Karen McCombie on Dialogue

Today I’m thrilled to welcome Karen McCombie, author of the best selling Ally’s World series, who has some wonderful things to say about getting your characters talking. In celebration of her guest post, I’m also giving away a copy of ‘Dialogue’ by Gloria Kempton. All you have to is subscribe to the blog. I’ll put the names in a hat then pull one out on 1st August and announce the winner.

Anyhow, enough of competitions, let’s settle down and listen to what Karen has to say:

The trouble with talking…

I’m reading a bestseller at the moment. I like the setting; I can feel the cold. The characters; they’re pretty good (except for the one who’s a walking cliché, but hey). The story; well, it zips along nicely, all pleasantly engaging and then CLUNK!!

What’s gone wrong? It’s seems the author has a problem with talking. And she’s not the only one.

So many writers become unstuck with dialogue. They can write fantastic description, believable inner dialogue and then along come some speaky bits and they make them sound as natural as one of those online translations; “I go you with to the house?” Well, perhaps not thatbad. But it’s a major problem in a book. An author can have a particular style of writing, from poetic to brusque, and if they do it well, you find yourself under their spell and inhabiting their story’s world with them.

But the spell is immediately broken when you hit stilted dialogue. If the characters sound like two robots talking to each other*, as a reader, you’re going to blink and lose your thread, aware that you are, in fact, just on the stuffy Tube/in your lukewarm bath/in your bed with the cat gently snoring.

I find it fascinating that so many writers seem to hit a brick wall with the spoken word. After all, we all talk – lots – every day. Someone much cleverer than me will probably have an answer to why this problem of translating the spoken word to the page exists, but in the meantime, all I can do is make a small suggestion that might help anyone struggling to make their characters sound human.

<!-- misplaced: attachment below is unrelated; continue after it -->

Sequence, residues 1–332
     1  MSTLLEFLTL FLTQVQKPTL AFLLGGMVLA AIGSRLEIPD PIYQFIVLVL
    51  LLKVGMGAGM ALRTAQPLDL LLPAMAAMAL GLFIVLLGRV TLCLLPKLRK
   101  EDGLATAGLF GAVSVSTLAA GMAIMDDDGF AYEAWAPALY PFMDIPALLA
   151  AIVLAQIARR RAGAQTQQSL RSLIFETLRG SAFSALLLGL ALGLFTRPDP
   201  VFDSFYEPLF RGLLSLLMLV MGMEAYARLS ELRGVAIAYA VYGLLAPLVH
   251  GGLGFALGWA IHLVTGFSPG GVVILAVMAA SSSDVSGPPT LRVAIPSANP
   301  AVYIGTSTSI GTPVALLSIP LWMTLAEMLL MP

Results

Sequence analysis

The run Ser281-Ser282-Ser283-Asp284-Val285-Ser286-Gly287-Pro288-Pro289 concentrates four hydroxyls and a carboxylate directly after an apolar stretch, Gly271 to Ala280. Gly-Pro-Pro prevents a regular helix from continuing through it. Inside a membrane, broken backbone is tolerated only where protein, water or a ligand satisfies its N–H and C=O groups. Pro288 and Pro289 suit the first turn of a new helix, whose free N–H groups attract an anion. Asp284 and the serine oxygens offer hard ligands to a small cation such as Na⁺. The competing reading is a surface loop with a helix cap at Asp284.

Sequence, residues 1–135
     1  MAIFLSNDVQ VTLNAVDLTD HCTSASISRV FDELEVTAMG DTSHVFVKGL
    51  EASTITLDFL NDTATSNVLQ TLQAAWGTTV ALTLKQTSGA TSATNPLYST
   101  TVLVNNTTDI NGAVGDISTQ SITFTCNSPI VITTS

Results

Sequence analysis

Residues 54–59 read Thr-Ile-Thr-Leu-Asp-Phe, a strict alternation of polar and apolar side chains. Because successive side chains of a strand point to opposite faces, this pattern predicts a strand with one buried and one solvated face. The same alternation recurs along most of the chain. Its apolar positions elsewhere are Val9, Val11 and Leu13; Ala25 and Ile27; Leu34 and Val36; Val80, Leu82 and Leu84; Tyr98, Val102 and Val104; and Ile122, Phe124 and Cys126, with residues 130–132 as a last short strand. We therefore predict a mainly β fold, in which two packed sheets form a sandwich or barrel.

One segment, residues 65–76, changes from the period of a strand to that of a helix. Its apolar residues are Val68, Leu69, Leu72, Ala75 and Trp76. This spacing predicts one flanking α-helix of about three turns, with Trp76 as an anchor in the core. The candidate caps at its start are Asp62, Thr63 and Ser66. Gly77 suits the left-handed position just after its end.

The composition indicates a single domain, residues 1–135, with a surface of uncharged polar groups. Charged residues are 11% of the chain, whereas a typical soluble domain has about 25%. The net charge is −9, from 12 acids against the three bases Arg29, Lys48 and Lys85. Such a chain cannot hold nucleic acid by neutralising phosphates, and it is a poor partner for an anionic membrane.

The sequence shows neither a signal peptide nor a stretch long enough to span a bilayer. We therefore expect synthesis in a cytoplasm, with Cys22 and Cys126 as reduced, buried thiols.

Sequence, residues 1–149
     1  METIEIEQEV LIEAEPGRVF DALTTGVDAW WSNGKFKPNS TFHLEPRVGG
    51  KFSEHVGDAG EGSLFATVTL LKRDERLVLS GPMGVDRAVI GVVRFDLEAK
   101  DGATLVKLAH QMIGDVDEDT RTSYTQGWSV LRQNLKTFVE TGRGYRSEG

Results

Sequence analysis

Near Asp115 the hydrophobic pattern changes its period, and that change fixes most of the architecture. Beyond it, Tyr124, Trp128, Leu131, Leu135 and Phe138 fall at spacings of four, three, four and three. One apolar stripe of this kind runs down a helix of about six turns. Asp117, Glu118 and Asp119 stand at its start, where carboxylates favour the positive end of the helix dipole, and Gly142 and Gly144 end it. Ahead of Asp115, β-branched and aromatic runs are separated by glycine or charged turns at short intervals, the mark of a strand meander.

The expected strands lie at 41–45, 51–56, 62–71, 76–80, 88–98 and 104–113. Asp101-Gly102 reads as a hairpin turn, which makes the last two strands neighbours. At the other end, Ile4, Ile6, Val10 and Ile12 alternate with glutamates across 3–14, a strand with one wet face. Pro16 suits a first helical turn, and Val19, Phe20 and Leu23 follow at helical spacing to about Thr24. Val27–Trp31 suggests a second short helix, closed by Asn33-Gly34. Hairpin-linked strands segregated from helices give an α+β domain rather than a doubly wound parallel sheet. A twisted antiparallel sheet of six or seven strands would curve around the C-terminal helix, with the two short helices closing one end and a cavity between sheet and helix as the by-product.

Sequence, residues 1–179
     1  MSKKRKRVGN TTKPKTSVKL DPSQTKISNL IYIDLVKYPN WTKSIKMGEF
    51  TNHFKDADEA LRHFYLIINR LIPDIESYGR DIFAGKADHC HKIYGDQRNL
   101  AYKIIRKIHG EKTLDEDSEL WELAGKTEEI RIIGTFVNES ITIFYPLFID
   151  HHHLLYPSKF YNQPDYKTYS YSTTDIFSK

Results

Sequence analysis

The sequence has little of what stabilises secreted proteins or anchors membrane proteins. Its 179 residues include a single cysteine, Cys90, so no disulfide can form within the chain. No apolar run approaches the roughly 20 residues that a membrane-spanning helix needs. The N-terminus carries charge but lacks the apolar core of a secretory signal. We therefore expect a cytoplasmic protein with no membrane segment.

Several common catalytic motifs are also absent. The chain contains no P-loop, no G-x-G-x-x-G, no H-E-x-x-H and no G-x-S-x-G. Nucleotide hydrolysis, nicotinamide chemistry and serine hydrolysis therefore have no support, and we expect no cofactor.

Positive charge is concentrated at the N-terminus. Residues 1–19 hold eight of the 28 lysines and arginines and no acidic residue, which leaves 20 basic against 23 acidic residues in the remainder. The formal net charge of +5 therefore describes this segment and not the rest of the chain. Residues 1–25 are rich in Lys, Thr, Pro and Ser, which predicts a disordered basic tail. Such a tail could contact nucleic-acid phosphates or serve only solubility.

Here’s the deal:

• Write what you want your character to say.

• Then read it out loud, as if you’re sitting in an actors’ read-through for a play.

• If it doesn’t sound natural, ad-lib.

• Keep running through your ‘lines’ till they sound like a genuine person is genuinely saying them. (Note: don’t do this if you’re writing in a library, café or other public place, or you may get strange looks/asked to leave/arrested for causing a disturbance.)

Still tricky? Feeling self-conscious? Try to fix your mind on someone (a friend/colleague/bloke off the telly) who is a rough approximation of your character. Now imagine them saying the words. Make this fantasy amalgam of a person repeat the words in your head till they sound completely believable.

Good luck if you’re wrestling with clunky dialogue. But then again, it might be mypet peeve, but it hasn’t stopped a gazillion readers loving the bestseller I’m currently wincing my way through…

* The one exception, of course, is if you ARE writing a dialogue for robots.

Karen McCombie is a best-selling children’s author who has many speaky bits in her books. These include newest hit series for younger readers, ‘You, Me and Thing’ and current novel for 10+ readers ‘Life According to Alice B. Lovely’.

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